- Today, on International Women’s Day, Punjab and Haryana women will lead farmers protest against farm laws
- The day will be completely devoted to women farmers, activists, and students, according to SKM
- International Women’s Day observed every year on March 8th which is a global day that honours women’s social, economic, cultural, and political accomplishments
Thousands of women farmers, students, and activists will take over key roles at the Singhu, Tikri, and Ghazipur protest sites near Delhi’s borders on International Women’s Day on Monday, from managing the venue, security to sharing tales of their struggles, food, and the importance of participating in the farmers’ agitation.
Noting that women make a huge contribution to the country’s agricultural sector, organizers have laid out elaborate plans to let women farmers take centre stage and all the space under the sky to acknowledge the “major but unrecognised” portion of the farming community.
On Monday, thousands of women farmers, mostly from Punjab and Haryana, will congregate at Delhi’s borders, with a day dedicated entirely to women farmers, activists, and students, according to farmer leaders.
Women from Punjab reach Tikri on Delhi-Haryana border to join the ongoing farmers' protest. "We urge the Central government to roll back the three black laws," a woman protester says. #InternationalWomensDay pic.twitter.com/tfPjVcejjR— ANI (@ANI) March 8, 2021
International Women’s Day (IWD) is a global day celebrating women’s social, cultural, political and economic, achievements. It is observed every year on March 8th. The day also serves as a call to action for promoting gender parity.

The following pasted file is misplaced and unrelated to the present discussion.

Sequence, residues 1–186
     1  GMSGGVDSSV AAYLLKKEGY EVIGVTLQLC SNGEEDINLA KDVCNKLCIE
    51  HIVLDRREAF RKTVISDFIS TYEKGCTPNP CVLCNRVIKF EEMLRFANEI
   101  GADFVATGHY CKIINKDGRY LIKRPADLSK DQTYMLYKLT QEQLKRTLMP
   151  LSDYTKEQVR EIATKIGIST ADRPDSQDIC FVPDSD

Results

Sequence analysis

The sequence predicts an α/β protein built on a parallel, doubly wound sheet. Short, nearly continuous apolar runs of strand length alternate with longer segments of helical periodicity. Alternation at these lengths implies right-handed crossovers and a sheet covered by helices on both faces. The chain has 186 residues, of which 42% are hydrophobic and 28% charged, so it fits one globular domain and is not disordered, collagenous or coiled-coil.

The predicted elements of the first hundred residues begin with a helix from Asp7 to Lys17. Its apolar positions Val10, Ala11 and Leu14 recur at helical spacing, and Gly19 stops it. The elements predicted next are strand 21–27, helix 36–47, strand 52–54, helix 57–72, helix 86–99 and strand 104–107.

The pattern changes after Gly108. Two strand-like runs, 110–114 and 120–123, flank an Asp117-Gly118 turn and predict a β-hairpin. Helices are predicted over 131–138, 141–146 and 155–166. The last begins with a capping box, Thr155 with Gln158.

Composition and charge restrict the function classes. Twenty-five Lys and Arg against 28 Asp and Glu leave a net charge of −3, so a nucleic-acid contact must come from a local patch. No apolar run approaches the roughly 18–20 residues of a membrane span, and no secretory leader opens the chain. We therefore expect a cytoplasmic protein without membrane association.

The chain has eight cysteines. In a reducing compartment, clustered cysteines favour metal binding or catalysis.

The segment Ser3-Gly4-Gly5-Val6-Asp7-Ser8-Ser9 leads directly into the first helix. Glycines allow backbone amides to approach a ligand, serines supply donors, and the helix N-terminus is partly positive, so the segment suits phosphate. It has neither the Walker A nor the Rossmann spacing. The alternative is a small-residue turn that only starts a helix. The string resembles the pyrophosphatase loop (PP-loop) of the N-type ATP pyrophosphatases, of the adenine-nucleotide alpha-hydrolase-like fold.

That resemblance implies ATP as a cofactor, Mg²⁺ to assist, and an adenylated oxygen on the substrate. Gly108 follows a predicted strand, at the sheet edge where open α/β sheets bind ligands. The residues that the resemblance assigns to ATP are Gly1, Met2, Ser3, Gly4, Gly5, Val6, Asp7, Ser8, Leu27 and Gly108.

Kavita Kurugranthy, a senior farmer leader and member of the Samkyukta Kisan Morcha (SKM), said, “The stage will be run by women, and the speakers will also be women, in honour of International Women’s Day. There will also be a small march at the Singhu border, the deatils will to be announced later. More women are expected to join the protests at various locations.”
For more than three months, thousands of farmers, mainly from the states of Punjab, Haryana, and western part of Uttar Pradesh, have been protesting at the different Delhi border including the Singhu, Tikri, and Ghazipur borders, demanding the revoke of agriculture farm laws and a legal guarantee on the minimum support price (MSP) for their goods.
Farmers opposing the laws are concerned that this law will pave the way for the abolition of the MSP system, leaving them at the mercy of big corporations.
The government, on the other hand, claims that the new laws would provide better opportunities for farmers and introduce new agricultural technologies.
Around 15,000 farmers that are women, as well as college principals, social workers, and teachers, will join the protest sites at the Singhu and Tikri borders on International Women’s Day, according to the organisers.
Farmer leader Kulwant Singh Sandhu, “Women are an important part of the agricultural culture, but they are not appreciated well. In reality, they put in more hours than men. About 10,000 women from various parts of Punjab and Haryana will come to the border to participate in the women’s day program.”
Woman farmers have also been asked to attend the various protest sites in Punjab and Haryana, according to Sandhu.
Women protesters will discuss their rights, challenges, and the importance of involvement in the movement, at the two stages at the Tikri border, according to one of the organisers.
“At the Singhu border, women will take over the roles of security. Hundreds of women are arriving in vehicles from various parts of Punjab and will join us at the border tomorrow. To mark International Women’s Day, we expect about 15,000 people to gather in Tikri and 4,000 people in Singhu,” said Jagmohan Singh of the Bharatiya Kisan Union (Dakaunda), Punjab.
Avtar Singh Mehma, the farmer leader of the Krantikari Kisan Union, also said that on International Women’s Day, stage management at all borders would be handled by women.
The farmer leader, Mehma said, “Women will give speeches on the stage, whether they are from a student organisation, a farmer organisation, or simply a social work organisation.”